Theoretical calculations predicted the now confirmed tetraneutron, an exotic state of matter

Andrey Shirokov, left, of Moscow State University in Russia, who was a visiting scientist in Iowa State, and James Vary, of Iowa State, are part of an international team of nuclear physicists that theorized, predicted, and announced a framework for four neutrons in 2014 and 2016. Credit: Christopher Gannon / Iowa State University College of Liberal Arts and Sciences

James Vary is waiting for nuclear physics experiments to confirm the reality of a “tetraneutron” that he and his colleagues first theorized, predicted and announced during a presentation in the summer of 2014, followed by a research paper in the fall of 2016.

“Whenever we come up with a theory, we always have to say that we’re waiting for experimental confirmation,” said Vary, a professor of physics and astronomy at Iowa State University.

In the case of four neutrons (very, very) briefly joined together in a temporary quantum state or resonance, that day for Vary and an international team of theorists is now here.

The recently announced experimental discovery of a tetraneutron by an international group led by researchers at the Technical University of Darmstadt in Germany opens the door to further research and could lead to a better understanding of how the universe is formed. This exotic new state of matter may also have useful properties in existing or emerging technologies.

Neutrons, you probably remember from science class, are uncharged subatomic particles that combine with positively charged protons to form the nucleus of an atom. Individual neutrons are not stable and after a few minutes they convert to protons. Combinations of double and triple neutrons also do not form what physicists call resonance, a state of matter that is temporarily stable before decaying.

Enter the tetraneutron. Using the supercomputing power of Lawrence Berkeley National Laboratory in California, theorists calculated that four neutrons could form a resonant state with a lifetime of just 3×10-22 seconds, less than a billionth of a billionth of a second. It’s hard to believe, but it’s enough time for physicists to study.

Theorists’ calculations say that the tetraneutron must have an energy of about 0.8 million electron volts (a common unit of measurement in high energy and nuclear physics – visible light has energies of about 2 to 3 electron volts). ). of peak energy plotted showing a tetraneutron would be about 1.4 million electron volts. Theorists published subsequent studies that indicated that the energy would likely be between 0.7 and 1.0 million electron volts, while the width would be between 1.1 and 1.7 million electron volts. This sensitivity arose from the adoption of different candidates available for the interaction between neutrons.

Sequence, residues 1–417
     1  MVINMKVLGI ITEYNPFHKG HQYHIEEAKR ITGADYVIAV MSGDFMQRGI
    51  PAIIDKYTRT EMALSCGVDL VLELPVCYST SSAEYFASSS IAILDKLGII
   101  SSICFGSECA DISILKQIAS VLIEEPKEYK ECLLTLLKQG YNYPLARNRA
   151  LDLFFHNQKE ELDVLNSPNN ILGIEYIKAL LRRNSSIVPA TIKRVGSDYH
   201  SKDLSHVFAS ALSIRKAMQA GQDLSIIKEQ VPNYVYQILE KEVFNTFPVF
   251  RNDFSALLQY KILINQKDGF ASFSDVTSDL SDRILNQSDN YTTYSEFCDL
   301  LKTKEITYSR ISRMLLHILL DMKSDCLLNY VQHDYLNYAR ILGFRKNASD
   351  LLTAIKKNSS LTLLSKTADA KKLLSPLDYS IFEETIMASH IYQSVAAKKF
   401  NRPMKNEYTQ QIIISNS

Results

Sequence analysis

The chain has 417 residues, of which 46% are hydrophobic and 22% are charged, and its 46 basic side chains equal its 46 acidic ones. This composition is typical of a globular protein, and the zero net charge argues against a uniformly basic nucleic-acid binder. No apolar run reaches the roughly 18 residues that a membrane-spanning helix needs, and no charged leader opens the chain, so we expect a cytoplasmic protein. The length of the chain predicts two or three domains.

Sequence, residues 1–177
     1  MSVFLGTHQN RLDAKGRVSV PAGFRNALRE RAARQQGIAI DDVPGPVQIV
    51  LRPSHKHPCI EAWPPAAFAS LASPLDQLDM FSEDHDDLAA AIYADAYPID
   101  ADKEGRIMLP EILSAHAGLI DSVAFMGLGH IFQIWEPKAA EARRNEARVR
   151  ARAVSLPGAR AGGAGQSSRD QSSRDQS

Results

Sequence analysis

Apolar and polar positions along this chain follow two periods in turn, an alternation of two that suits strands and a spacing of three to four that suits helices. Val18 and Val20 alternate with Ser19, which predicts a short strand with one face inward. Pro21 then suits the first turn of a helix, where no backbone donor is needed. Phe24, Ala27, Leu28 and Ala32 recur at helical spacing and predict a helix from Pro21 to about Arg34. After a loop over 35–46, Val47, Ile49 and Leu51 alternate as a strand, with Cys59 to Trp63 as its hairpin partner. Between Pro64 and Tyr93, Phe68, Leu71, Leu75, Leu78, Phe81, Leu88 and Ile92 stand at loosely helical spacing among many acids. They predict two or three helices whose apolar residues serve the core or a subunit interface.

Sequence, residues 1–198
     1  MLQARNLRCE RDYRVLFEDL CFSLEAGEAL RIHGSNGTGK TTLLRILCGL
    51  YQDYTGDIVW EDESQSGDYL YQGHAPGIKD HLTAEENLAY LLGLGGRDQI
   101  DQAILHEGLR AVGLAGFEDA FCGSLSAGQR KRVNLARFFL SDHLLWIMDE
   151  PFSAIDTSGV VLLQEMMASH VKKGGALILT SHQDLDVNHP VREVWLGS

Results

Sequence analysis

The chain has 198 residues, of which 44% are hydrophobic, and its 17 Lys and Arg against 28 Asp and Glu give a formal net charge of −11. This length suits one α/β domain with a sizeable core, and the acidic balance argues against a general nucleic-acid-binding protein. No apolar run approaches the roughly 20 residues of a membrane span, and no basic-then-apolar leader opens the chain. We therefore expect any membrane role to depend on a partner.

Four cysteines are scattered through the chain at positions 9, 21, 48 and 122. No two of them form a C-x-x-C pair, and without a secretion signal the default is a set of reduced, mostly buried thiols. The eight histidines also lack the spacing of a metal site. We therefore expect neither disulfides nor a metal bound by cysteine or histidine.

A newly published article in the journal Nature reports that experiments at the Radioactive Isotope Beam Factory at the RIKEN research institute in Wako, Japan, found that the energy and width of the tetraneutrons were around 2.4 and 1.8 million electron volts, respectively. Both are larger than the theory results, but Vary said the uncertainties in the current theoretical and experimental results could cover these differences.

“A tetraneutron is so short-lived that it’s such a shock to the world of nuclear physics that its properties can be measured before it breaks down,” Vary said. “It’s a very exotic system.”

It is, in fact, “an entirely new state of matter,” he said. “It’s short-lived, but it points to possibilities. What happens if you put two or three of these together? Could you get more stability?”

Experiments to find a tetraneutron began in 2002, when the structure was proposed in certain reactions involving one of the elements, a metal called beryllium. A team at RIKEN found evidence of a tetraneutron in experimental results published in 2016.

“The tetraneutron will join the neutron as only the second uncharged element of the nuclear graph,” wrote Vary in a project summary. This “provides a valuable new platform for theories of strong interactions between neutrons.”

Meytal Duer of the Institute of Nuclear Physics at the Technical University of Darmstadt is the corresponding author of the Nature article, entitled “Observation of a system of four correlated free neutrons” and announcing the experimental confirmation of a tetraneutron. The results of the experiment are considered a five sigma statistical signal, denoting a definitive finding with a one in 3.5 million chance that the finding is a statistical anomaly.

The theoretical forecast was published on October 28, 2016, in Physical Review Letters, entitled “Prediction for a four-neutron resonance”. Andrey Shirokov of the Skobeltsyn Institute for Nuclear Physics at Moscow State University in Russia, who was a visiting scientist in the State of Iowa, is the first author. Vary is one of the corresponding authors.

“Can we create a small neutron star on Earth?” Vary titled a summary of the tetraneutron project. A neutron star is what’s left when a massive star runs out of fuel and collapses into a superdense neutron structure. The tetraneutron is also a neutron structure, one Vary jokes that it is a “short-lived, very light neutron star”.

Vary’s personal reaction? “I had pretty much given up on the experiments,” he said. “I hadn’t heard anything about this during the pandemic. That was quite a shock. Oh my God, here we are, we might actually have something new.”

Physicists demonstrate the existence of a new subatomic structure

More information:
M. Duer et al, Observation of a system of four correlated free neutrons, Nature (2022). DOI: 10.1038/s41586-022-04827-6

Provided by Iowa State University

Quote: Theoretical calculations predicted now confirmed tetraneutron, an exotic state of matter (2022, June 22) retrieved June 23, 2022 from exotic-state .html

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